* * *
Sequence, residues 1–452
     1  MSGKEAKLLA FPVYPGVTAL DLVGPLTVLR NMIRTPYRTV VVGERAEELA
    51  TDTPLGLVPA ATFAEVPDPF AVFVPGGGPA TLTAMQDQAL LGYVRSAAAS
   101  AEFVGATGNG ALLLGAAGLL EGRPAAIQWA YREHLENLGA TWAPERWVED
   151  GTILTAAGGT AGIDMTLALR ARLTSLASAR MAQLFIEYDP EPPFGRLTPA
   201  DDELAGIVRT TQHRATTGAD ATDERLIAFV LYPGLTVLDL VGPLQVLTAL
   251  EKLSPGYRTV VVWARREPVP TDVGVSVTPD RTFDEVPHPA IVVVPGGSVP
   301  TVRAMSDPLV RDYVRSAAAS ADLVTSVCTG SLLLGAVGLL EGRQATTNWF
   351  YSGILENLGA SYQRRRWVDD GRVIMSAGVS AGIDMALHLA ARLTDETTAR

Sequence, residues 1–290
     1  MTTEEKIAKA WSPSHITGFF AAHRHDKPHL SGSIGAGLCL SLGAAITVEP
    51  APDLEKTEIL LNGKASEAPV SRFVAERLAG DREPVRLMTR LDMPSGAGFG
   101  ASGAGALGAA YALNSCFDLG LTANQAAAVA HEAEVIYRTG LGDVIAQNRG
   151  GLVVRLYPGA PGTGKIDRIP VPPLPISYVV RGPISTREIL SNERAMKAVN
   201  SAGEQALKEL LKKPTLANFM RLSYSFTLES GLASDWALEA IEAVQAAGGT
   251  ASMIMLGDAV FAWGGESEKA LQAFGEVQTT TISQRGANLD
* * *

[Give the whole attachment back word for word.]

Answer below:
Sequence, residues 1–452
     1  MSGKEAKLLA FPVYPGVTAL DLVGPLTVLR NMIRTPYRTV VVGERAEELA
    51  TDTPLGLVPA ATFAEVPDPF AVFVPGGGPA TLTAMQDQAL LGYVRSAAAS
   101  AEFVGATGNG ALLLGAAGLL EGRPAAIQWA YREHLENLGA TWAPERWVED
   151  GTILTAAGGT AGIDMTLALR ARLTSLASAR MAQLFIEYDP EPPFGRLTPA
   201  DDELAGIVRT TQHRATTGAD ATDERLIAFV LYPGLTVLDL VGPLQVLTAL
   251  EKLSPGYRTV VVWARREPVP TDVGVSVTPD RTFDEVPHPA IVVVPGGSVP
   301  TVRAMSDPLV RDYVRSAAAS ADLVTSVCTG SLLLGAVGLL EGRQATTNWF
   351  YSGILENLGA SYQRRRWVDD GRVIMSAGVS AGIDMALHLA ARLTDETTAR

Sequence, residues 1–290
     1  MTTEEKIAKA WSPSHITGFF AAHRHDKPHL SGSIGAGLCL SLGAAITVEP
    51  APDLEKTEIL LNGKASEAPV SRFVAERLAG DREPVRLMTR LDMPSGAGFG
   101  ASGAGALGAA YALNSCFDLG LTANQAAAVA HEAEVIYRTG LGDVIAQNRG
   151  GLVVRLYPGA PGTGKIDRIP VPPLPISYVV RGPISTREIL SNERAMKAVN
   201  SAGEQALKEL LKKPTLANFM RLSYSFTLES GLASDWALEA IEAVQAAGGT
   251  ASMIMLGDAV FAWGGESEKA LQAFGEVQTT TISQRGANLD